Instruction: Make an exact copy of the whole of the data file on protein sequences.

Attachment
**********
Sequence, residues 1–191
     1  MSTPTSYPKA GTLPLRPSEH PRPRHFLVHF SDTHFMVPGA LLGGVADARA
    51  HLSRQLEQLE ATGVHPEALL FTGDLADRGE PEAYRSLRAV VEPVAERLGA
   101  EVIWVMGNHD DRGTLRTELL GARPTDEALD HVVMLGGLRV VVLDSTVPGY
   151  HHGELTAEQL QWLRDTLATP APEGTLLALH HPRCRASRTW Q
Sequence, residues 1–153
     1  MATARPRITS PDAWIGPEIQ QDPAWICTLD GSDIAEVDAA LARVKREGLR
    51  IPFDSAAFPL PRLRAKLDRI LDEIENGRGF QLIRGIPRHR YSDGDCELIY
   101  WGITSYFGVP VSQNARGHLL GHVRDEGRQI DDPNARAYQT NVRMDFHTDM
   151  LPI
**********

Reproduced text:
Sequence, residues 1–191
     1  MSTPTSYPKA GTLPLRPSEH PRPRHFLVHF SDTHFMVPGA LLGGVADARA
    51  HLSRQLEQLE ATGVHPEALL FTGDLADRGE PEAYRSLRAV VEPVAERLGA
   101  EVIWVMGNHD DRGTLRTELL GARPTDEALD HVVMLGGLRV VVLDSTVPGY
   151  HHGELTAEQL QWLRDTLATP APEGTLLALH HPRCRASRTW Q
Sequence, residues 1–153
     1  MATARPRITS PDAWIGPEIQ QDPAWICTLD GSDIAEVDAA LARVKREGLR
    51  IPFDSAAFPL PRLRAKLDRI LDEIENGRGF QLIRGIPRHR YSDGDCELIY
   101  WGITSYFGVP VSQNARGHLL GHVRDEGRQI DDPNARAYQT NVRMDFHTDM
   151  LPI